EAS Fall 2017 Seminar Series Presents: Dr. Cliff Riebe, University of Wyoming
The availability of water and nutrients in soil and weathered rock influences the distribution of vegetation and its vulnerability to land use and climate change. We explored these relationships by combining geochemical and geophysical measurements at three mid-elevation sites in the Sierra Nevada, California, where a recent historic drought killed millions of trees.
Forest cover correlates strongly with bedrock composition, implying strong lithologic control of the ecosystem. We evaluated two hypotheses about bedrock-ecosystem connections:
1) that bedrock composition influences vegetation by moderating plant-essential nutrient supply; and
2) that bedrock composition influences the degree of subsurface weathering, which in turn influences vegetation by controlling subsurface water-storage capacity.
To quantify subsurface water-holding capacity, we used seismic refraction surveys to infer gradients in P and S-wave velocity structure, which together reveal variations in porosity in saprolite and weathered bedrock. We combined the geophysical data on porosity with bedrock bulk geochemistry measured in previous work to evaluate the influence of water-holding capacity and nutrient supply on remotely sensed estimates of ecosystem productivity.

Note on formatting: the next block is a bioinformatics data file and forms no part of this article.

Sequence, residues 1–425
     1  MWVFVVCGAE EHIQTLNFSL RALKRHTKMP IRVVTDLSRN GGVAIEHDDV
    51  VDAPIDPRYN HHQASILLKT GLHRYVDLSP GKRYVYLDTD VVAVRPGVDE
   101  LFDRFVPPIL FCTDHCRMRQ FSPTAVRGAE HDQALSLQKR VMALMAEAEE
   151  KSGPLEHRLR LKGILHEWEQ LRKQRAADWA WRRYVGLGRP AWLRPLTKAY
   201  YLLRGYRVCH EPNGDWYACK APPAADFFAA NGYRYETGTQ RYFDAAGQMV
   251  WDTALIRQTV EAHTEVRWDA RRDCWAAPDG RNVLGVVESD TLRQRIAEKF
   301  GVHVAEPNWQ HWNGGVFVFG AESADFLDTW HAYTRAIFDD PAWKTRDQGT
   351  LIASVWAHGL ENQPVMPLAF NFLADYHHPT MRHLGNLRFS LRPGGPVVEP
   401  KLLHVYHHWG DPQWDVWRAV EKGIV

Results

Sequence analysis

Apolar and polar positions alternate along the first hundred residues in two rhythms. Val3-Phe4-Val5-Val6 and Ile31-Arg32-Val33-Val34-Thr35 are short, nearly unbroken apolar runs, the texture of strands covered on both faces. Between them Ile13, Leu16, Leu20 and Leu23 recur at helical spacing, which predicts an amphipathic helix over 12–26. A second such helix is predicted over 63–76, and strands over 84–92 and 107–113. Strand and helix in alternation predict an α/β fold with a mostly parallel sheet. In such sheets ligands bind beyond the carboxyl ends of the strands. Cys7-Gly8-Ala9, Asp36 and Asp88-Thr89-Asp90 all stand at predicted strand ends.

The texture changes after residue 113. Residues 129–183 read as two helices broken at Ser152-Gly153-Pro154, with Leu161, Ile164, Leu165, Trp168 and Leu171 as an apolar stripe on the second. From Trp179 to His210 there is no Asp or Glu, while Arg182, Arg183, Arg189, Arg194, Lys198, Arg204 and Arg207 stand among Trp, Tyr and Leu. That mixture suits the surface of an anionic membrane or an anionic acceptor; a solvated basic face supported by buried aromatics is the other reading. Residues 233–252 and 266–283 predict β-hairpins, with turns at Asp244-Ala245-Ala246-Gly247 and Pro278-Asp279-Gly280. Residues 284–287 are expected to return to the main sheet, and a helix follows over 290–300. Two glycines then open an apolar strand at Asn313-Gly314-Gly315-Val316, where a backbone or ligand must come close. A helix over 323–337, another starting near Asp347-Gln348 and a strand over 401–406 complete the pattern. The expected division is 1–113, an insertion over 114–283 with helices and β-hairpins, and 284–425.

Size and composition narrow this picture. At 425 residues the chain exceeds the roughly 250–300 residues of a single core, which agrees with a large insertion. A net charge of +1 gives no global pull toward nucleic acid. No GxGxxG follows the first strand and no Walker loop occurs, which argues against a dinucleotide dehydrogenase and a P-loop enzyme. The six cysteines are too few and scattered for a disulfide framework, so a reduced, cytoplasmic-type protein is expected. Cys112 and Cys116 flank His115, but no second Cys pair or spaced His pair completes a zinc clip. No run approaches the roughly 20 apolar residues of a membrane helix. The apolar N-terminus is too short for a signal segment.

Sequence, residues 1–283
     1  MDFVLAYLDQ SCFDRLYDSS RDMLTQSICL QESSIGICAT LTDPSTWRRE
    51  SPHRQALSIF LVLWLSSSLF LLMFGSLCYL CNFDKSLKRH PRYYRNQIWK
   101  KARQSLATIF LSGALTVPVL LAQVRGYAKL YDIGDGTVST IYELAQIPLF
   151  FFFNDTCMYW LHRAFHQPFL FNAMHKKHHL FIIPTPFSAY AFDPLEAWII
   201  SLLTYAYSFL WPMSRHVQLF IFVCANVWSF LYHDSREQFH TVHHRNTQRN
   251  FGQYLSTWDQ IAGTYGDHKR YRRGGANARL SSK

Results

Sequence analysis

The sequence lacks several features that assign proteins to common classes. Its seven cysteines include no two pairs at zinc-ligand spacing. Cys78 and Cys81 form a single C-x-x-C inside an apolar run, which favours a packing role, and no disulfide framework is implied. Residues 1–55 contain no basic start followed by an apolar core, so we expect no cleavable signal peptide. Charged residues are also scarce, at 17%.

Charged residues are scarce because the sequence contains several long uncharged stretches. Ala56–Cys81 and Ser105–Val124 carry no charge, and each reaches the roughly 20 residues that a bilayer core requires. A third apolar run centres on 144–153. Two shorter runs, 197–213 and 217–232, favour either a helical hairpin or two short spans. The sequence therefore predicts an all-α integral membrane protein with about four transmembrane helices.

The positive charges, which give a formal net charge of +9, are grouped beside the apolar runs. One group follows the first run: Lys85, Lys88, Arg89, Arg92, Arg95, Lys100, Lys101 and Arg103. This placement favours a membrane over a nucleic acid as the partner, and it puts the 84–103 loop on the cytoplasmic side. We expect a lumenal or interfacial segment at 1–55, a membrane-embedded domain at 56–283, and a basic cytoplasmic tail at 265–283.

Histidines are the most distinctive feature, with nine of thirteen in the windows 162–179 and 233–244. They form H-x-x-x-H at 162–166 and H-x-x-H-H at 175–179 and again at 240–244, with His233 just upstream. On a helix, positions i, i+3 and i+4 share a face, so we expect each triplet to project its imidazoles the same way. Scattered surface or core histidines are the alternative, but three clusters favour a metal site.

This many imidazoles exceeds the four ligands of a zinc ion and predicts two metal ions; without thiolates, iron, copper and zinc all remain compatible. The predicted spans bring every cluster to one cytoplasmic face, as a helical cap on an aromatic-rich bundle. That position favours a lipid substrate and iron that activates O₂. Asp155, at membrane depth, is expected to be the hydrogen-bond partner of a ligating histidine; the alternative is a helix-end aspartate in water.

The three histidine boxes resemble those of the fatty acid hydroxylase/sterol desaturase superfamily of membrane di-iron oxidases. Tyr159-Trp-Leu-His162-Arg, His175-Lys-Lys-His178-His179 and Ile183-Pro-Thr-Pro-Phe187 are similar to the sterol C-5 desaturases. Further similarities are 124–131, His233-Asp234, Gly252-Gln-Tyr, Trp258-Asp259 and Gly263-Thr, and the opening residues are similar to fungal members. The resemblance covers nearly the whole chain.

Our results show that more than 80% of the variance in ecosystem productivity can be explained by differences in bedrock phosphorus concentration and subsurface porosity, with phosphorus content being the dominant explanatory variable. This suggests that bedrock composition exerts a strong bottom-up control on ecosystem productivity through its influence on nutrient supply and weathering susceptibility, which in turn influences porosity.
We show that vegetation vulnerability to drought stress and mortality can be explained in part by variations in subsurface water-holding capacity and rock-derived nutrient supply.